Eden Unearthed Curators Tour

This years’ Eden Unearthed: art in the gardens exhibition brings together a range of artists, from students and emerging artists to those of renown, working in several artistic disciplines. Each was asked for works that would seek to enlighten an aspect of Eden Gardens, creating works that engage our community and provoke discussion around environmental awareness and social responsibility. I hope you’re inspired, and immerse yourself in the garden.  Take your own path, or follow mine…


The best route for wheel chairs and prams, is located behind the amphitheatre, where you make your way into the garden, otherwise being behind the amphitheatre at the road sign- #7 God speed, by Leon Lester.  Scattered around the gardens are various pieces of a puzzle.#7 Turf Wars, by Anne Levitch is referencing, among other things, displacement from ancestral homelands.  Part of her work stands in Lane Cove National Park, over the fence. Keep wandering down the gravel path and into the lower section of the garden. Here you will find a selection of works. #8 Anastasis, the mosaic work by Caitlin Hepworth, reflects upon the cycle of regeneration after bushfire and was made after the artist lost her own studio to the massive fires in the Blue Mountains in 2013. She had to “unearth’ the mosaic pieces from the rubble to rebuild this work.


 Walk into the clearing and you’ll see the beautiful golden scribbles created by emerging artist Linda Sok. #12 Tunnels, are an oversized tribute to the writings of the Scribbly Gum moth, whose musings are scribed on the trees here endemic to the area. Look down too to see the red gum blossoms from #10, Capitalist Bloom, by Chloe Alice. Just beyond Tunnels is #11 Gibba Wadi Waruna (Stone, wood and string) created by d’harawal saltwater knowledge keeper Shannon Foster, assisted by Father Chris Riley’s Youth off the Streets (who “decolonized the sandstone blocks”), and a group of architecture masters students from the University of Technology, who helped create this yarn circle: a place for gathering and discussion. In this same area is a work by Christina Frank, Pram, #9, which references the sadness and beauty of the bush and pays tribute to the stolen generation.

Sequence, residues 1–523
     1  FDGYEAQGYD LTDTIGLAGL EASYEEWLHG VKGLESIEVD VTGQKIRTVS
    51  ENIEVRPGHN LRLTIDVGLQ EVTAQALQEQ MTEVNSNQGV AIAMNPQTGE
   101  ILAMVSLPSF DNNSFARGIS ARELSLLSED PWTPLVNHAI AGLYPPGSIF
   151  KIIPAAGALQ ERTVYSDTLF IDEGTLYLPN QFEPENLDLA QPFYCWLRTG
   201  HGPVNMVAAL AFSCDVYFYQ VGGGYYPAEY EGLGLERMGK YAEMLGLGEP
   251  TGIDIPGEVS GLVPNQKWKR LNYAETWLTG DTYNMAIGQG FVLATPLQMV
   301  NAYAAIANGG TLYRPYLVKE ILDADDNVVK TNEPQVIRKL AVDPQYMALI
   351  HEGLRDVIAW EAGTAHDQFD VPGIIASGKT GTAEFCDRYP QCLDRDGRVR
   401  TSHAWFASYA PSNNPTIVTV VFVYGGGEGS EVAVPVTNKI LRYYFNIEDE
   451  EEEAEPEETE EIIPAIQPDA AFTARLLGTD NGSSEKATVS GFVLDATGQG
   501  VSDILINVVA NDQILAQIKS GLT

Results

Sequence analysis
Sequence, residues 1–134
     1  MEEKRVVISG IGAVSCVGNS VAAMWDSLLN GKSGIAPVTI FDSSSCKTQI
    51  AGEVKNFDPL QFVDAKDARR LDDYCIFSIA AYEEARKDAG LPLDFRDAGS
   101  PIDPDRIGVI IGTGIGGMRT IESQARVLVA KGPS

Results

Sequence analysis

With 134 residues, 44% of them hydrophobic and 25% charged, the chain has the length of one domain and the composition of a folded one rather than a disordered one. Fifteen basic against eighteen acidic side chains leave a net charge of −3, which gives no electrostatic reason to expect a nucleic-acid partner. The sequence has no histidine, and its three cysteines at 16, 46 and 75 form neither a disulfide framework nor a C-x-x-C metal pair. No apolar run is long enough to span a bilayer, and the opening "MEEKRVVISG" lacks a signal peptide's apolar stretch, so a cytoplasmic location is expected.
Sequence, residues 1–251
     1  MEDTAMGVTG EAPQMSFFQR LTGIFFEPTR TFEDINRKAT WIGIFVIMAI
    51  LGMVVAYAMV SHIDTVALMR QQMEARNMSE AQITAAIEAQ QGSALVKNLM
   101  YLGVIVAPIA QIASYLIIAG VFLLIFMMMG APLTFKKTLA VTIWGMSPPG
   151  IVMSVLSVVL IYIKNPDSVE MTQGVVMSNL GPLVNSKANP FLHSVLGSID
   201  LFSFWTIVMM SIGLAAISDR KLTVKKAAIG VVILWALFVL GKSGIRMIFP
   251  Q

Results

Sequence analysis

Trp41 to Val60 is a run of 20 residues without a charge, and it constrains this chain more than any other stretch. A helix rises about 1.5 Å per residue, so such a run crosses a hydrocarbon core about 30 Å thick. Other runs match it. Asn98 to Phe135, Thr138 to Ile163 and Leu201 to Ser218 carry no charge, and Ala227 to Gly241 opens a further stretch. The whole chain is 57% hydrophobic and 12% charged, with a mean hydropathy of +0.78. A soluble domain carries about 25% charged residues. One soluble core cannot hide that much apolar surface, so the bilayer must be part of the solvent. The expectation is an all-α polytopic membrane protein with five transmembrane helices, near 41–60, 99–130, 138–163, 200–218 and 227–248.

Move through into the reservoir area. This water tank was designed by landscape architect Jon Shinkfield and inspired by a corealis spiral - the same pattern that creates our weather and water currents. It stores about a 100000 l of water, which is recycled and collected from the garden, and the roof top. Marta Ferracin has created a work called Forget me not, drawing attention to this precious resource and its elemental power and importance. It mimics rain, something that brings life and sustenance to the landscape. Ferracin describes this place as the heart of Eden Gardens, and she has unearthed its beauty in a subtle and atmospheric manner.  Note also the work by student artist Natasha Abram, CAUTION: Subject to Drought, #15, which has 5 pieces in total located around the garden.  These inverted flood metres, highlight the dire position drought puts our community, flora and fauna in.


Wander up the (now dry) creek bed through the woodland garden. This work, inspired by water by Elizabeth West is called Rapid, #16, and is a call to action and highlights the effect plastics are having polluting our waterways and environment. You might discover also Chloe Alice’s other work Sunbeam Perspective, #17, Christina Frank’s Breakthrough, #20, Gemma McKenzie Booth’s hanging slugs #18, Limas Maximus, and the evolving work of Stratum, by student artist Geirthana Nandakumaran; she is creating a modern day artefact that also speaks of our love of plastics.  As you make your way upstream to the Daffodil Garden. If you wish, pop a note in a bottle at The Message Tree, #21, by Matt McLarty. Take not too if the bobbing boats in the water lily pond by artist Danielle Minett and the work by student artist Jack Poppert #23, titled Eden: slipped, tripped and stumbled. This sculpture attempts a collective reparation within a world where we are constantly influenced by post-modernist tendencies.  Note the shards of colour piecing the Bride Lawn.  Rainbow Ceremony, #39, by Akira Kamada celebrates the inclusive decision passed by parliament last year and rejoices in its many colours and contours.